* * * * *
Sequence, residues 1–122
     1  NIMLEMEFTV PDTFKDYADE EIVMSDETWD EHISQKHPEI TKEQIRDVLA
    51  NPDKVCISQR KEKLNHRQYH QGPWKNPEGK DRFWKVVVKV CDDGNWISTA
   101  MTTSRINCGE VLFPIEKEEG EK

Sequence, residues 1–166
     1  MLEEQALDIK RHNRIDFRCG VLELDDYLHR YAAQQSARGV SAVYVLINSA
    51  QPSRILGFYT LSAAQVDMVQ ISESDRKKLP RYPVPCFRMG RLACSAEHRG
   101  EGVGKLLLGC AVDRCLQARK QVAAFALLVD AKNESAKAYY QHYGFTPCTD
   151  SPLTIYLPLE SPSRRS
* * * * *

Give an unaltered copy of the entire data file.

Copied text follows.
Sequence, residues 1–122
     1  NIMLEMEFTV PDTFKDYADE EIVMSDETWD EHISQKHPEI TKEQIRDVLA
    51  NPDKVCISQR KEKLNHRQYH QGPWKNPEGK DRFWKVVVKV CDDGNWISTA
   101  MTTSRINCGE VLFPIEKEEG EK

Sequence, residues 1–166
     1  MLEEQALDIK RHNRIDFRCG VLELDDYLHR YAAQQSARGV SAVYVLINSA
    51  QPSRILGFYT LSAAQVDMVQ ISESDRKKLP RYPVPCFRMG RLACSAEHRG
   101  EGVGKLLLGC AVDRCLQARK QVAAFALLVD AKNESAKAYY QHYGFTPCTD
   151  SPLTIYLPLE SPSRRS